BEIJING, March 31 -- According to a Xinhua News Agency report on March 27, villagers in Dingyuan Town, Lanzhou, capital city of northwest China's Gansu Province, have had enough of almost non-existent garbage management systems, and calls have been made for the government to do something about it.
Dingyuan is one of the largest vegetable distribution centers in northwest China. Vegetables within a 500-km radius around Lanzhou are collected and processed here before being transported to coastal cities in south China. The industry has proven lucrative for local farmers, but the environment has not benefited. The problem lies in the fact that there is no effective garbage management system in place to handle the large amounts of waste -- primarily rotting vegetables -- that are produced every year.
The total annual storage capacity of vegetable warehouses in the town is about 40 million tons, about half of which becomes waste every year, said Yang Dejun, general manager of Hengtong Vegetable Preservation Co Ltd. Adding vegetable waste produced by farmers, the total amount of waste is about 30 million tons.
Deputy Party Secretary of Dingyuan Town, Wang Xiwen, told Xinhua that the waste vegetables cannot be used as fertilizer because they contain bacteria, which will affect the quality of future crops. Neither can they be used to make chicken feed because of high pesticide contents. Nonetheless, they cannot be left untreated because the natural decaying process breeds flies and mosquitoes, and pollutes the environment, namely the air, rivers and underground water supplies.
"Heaps of rotting vegetables are everywhere, and so are the flies, especially on a hot day," complained Jiang Yingquan, a villager.
The problem isn't peculiar to Dingyuan. Some villages in Tianshui, Dingxi, Linxia of the province are also badly affected.
Other waste issues
For provinces such as Gansu, the use of mulching film -- a light-inhibiting material used to prevent the growth of weeds -- in agriculture causes what is known as "white pollution".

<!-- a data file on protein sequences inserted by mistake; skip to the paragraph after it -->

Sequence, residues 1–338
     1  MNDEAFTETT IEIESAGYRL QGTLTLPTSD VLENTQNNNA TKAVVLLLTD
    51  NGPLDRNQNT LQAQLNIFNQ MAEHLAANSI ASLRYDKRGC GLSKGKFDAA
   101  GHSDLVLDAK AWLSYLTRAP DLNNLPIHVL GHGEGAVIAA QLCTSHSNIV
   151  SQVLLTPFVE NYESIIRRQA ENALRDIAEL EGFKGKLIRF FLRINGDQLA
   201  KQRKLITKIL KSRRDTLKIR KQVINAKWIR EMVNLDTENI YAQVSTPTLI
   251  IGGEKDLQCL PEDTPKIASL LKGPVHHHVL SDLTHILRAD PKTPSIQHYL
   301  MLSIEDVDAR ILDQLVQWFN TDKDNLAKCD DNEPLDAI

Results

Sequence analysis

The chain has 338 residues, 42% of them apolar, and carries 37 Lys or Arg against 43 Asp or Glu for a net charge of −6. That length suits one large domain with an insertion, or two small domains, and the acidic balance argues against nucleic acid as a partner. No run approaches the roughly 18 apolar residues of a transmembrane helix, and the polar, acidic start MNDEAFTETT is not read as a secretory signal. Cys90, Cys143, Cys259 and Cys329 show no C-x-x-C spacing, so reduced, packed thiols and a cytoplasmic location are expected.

Li Lin, a civil servant in Xianfeng Town, Linxia Autonomous Prefecture, said that mulching film is used over about 200, 000 mu of farmland, an average of three kilograms per mu. This equates to about 600,000 kg of mulching film waste every year.
Song Hongwei, director of the environment supervision department of the Gansu Environmental Protection Bureau, told Xinhua that mulching film is generally not biodegradable, and used mulching films abandoned on farmland harden the soil. But disposing of these films is also a problem because they produce toxic fumes when burned.
Household garbage is another growing problem. Rising affluence has resulted in an increase in volumes of household waste. However, with no designated disposal sites, garbage is strewn and dumped at random.
Construction waste, too, adds to the overall garbage issue. Xue Xiwu, head of Anyuan Township of Tianshui City, said that this kind of garbage takes up too much space although it is not a big environment polluter.
More significant in terms of health risks is medical waste. Wang Yinzi, director of Luomen Township Hospital in Wushan County, Tianshui City, told Xinhua that most solid waste produced by the county's hospitals can be burned or buried, but liquid medical waste cannot be properly dealt with because two-thirds of hospitals cannot afford waste water disposal facilities.
According to Xinhua, the garbage management problem in poor western provinces like Gansu is a serious one. No funds have been allocated to deal with the problem, and even if there were, no government department has stepped forward to manage the situation.
"At present, the garbage disposal system in the poor western countryside is very much 'dump where you please'," according to Li Lin, a civil servant with the Tianshui Environmental Protection Bureau. "The scope of responsibility of construction and environmental protection and health supervision departments in cities or counties doesn't extend to the countryside. Plus, county-level environmental protection bureaus and health supervision departments are understaffed."
This less-than-satisfactory state of affairs has forced village authorities to take matters into their own hands. Dingyuan, for example, has transferred the burden of garbage management onto local companies because it does not receive any funding from the county government for this purpose.
Companies in the vegetable business have to transport waste vegetables to landfills miles away from the village at their cost. In addition, they have to pay for the manpower to do so, which is provided by the town.
Yang Dejun said that his company spends 20,000 yuan (US$2,494) a month disposing of waste, and 3,000 yuan a year to the township government for the manpower. Other larger companies can pay more than 10, 000 yuan a year on manpower alone.
Disgruntled grassroots officials and residents have called for the central government to keep in mind the issue of garbage management in their plan to build a new socialist countryside. What the rural areas need are garbage disposal facilities and a sound management system.